If a song isn’t country, yet has a country label put on it, does it still make it a country song? Apparently to Sam Hunt the answer is yes. Normally I don’t review an EP, but when I came across this piece of work I decided to make an exception to the rule. I don’t understand what the hell is going on with Sam Hunt and his purpose in country music. His debut single, “Leave The Night On,” entered the Billboard Hot Country Songs top ten a couple of weeks ago and even climbed a spot to #9 last week, yet the song is in no shape or form country music. What is the appeal of this guy’s music? I just don’t get it. So I decided to take a look at his newly released EP, X2C, to see if I could better understand this out of nowhere “country” artist (Spoiler alert: It’s really bad). We’ll break it down by song.
(Warning: Graphic Language ahead)
“Leave The Night On” – I already covered this song and this is what I had to say about it:
There is absolutely nothing country about this song. It sounds like something Jason Mraz would sing. And just look at Hunt on the single cover. He looks more dressed to spin music for a night club than sing country music. At least the bro country artists look somewhat country in their stupid backwards baseball caps. The song will either fizzle away in a month’s time or become one of the surprise hits of the summer. Unfortunately it’s the latter. (Click here for full review)
“Ex To See” – This song is a little more country. Just kidding. This is still pop music. I guess light acoustic guitar play in the background qualifies it as country in Hunt’s eyes? This sounds like something Train would sing or some indie pop artist. No, actually this sounds like an acoustic version of a Backstreet Boys song. Nothing in it qualifies it to be country, unless you count the bro country-light lyrics that plague this horrendous song. Does the EP get any better with the third song?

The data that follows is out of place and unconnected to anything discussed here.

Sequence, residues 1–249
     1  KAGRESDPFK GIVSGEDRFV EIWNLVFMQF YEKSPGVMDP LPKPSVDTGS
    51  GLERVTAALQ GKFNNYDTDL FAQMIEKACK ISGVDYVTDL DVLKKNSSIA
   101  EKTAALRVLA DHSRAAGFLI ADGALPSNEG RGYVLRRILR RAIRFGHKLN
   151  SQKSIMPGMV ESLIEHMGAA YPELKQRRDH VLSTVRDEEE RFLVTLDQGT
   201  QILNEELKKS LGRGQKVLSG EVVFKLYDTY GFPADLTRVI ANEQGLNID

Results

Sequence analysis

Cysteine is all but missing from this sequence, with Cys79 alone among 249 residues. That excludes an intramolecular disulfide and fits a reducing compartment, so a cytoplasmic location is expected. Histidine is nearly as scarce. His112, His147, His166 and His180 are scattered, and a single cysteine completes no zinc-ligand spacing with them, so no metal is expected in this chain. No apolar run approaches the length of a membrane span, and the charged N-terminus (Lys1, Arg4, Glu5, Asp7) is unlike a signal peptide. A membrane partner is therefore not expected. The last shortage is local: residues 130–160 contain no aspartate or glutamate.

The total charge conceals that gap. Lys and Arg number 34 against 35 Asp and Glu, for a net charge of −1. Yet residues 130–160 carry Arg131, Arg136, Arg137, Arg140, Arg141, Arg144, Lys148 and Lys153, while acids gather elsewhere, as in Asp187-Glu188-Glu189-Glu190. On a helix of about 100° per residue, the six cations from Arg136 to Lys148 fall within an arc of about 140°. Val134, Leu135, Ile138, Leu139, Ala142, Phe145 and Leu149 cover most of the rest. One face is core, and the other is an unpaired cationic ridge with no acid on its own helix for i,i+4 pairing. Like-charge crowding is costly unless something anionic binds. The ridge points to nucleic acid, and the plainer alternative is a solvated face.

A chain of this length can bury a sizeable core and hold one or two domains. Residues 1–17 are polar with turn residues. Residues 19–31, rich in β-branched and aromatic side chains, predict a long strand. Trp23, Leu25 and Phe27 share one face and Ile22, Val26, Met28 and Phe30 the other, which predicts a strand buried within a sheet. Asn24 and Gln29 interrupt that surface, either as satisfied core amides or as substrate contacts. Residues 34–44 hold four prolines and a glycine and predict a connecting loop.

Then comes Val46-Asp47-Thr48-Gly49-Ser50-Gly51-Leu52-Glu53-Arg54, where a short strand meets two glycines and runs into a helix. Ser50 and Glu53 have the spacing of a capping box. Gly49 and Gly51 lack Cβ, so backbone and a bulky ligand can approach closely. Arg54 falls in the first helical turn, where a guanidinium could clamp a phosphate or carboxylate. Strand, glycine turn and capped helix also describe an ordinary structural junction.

“House Party” – Nope! It’s another generic, party pop song. What the hell is the point of this song or this EP? Again, Sam Hunt this is not a country song! Smash Mouth made music with more substance than this. Thankfully there’s only one more song to go…
“Break Up In A Small Town” – Is this a country song? Fuck no. “But hey he’s singing about a small town! That counts right?” No, it does not gullible bro country fan. I’m sick and tired of hearing about small towns in “country” songs. Maybe that’s why I hated Eric Church’s new album so much. “Break Up In A Small Town” features spoken word in the whole first minute of the song. When Hunt is “singing,” it’s borderline rapping (shitty rapping I may add). There are also synths and electric beats that are laden throughout this song too. I just can’t anymore. Fuck this song.
If this album was labeled as pop music instead of country music, I think I would still hate it because it’s so generic and so blatantly trying to be four hit singles that gullible music fans will eat right up. Sam Hunt’s X2C EP deserves to burn in a deep, dark pit of fire and should be kept as far away as possible from human civilization because these songs sound like they were created by cold, emotionless robots. I wish the reptile aliens made of light in Sturgill Simpson’s “Turtles All The Way Down” would show up, beam these songs up into outer space and shoot them deep into the galaxy never to be found again.
I thought Jerrod Niemann’s album High Noon was going to be the runaway favorite for Country Perspective’s Worst Country Album of 2014, but at least he had a few songs that sounded remotely country. Nothing about Sam Hunt or his music is country. But since this is an EP I guess this doesn’t qualify him for the award, however all four of the songs above are top candidates for Country Perspective’s Worst Country Song of 2014. The full length album comes out later this year and if that whole album is the same as this EP, it will supplant Niemann for worst country album of 2014. I’m not sure if I’m going to review that or not because I never want to hear another Sam Hunt “country” song ever again. X2C is a steaming pile of dog shit that I wouldn’t wish on my worst enemy.